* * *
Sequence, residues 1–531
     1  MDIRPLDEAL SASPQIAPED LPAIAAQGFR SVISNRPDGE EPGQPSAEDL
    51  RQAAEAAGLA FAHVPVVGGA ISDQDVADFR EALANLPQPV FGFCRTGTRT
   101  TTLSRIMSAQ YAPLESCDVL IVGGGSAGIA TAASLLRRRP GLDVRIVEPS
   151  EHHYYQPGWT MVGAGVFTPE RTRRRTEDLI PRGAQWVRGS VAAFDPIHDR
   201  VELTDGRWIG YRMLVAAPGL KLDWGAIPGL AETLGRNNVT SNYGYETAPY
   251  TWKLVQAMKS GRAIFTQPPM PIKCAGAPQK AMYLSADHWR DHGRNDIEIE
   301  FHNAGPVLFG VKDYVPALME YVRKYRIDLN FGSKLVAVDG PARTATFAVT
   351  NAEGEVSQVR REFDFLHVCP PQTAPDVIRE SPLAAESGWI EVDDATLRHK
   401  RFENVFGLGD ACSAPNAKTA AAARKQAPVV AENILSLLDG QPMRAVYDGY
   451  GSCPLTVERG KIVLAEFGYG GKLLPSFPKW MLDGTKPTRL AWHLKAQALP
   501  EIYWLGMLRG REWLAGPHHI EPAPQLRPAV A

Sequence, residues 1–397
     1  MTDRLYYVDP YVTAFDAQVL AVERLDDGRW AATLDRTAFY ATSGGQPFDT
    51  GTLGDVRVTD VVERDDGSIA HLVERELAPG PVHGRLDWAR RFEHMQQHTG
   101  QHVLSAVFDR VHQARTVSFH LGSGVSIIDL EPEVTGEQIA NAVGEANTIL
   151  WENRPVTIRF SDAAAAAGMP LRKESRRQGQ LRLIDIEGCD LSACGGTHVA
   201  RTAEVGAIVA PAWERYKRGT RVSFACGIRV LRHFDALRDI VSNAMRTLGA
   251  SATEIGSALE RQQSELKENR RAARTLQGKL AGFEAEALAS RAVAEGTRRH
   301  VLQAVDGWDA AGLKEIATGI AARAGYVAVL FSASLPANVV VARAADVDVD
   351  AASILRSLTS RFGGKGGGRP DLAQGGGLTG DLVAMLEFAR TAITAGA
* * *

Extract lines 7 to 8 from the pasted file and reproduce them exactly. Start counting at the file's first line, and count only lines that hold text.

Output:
   251  TWKLVQAMKS GRAIFTQPPM PIKCAGAPQK AMYLSADHWR DHGRNDIEIE
   301  FHNAGPVLFG VKDYVPALME YVRKYRIDLN FGSKLVAVDG PARTATFAVT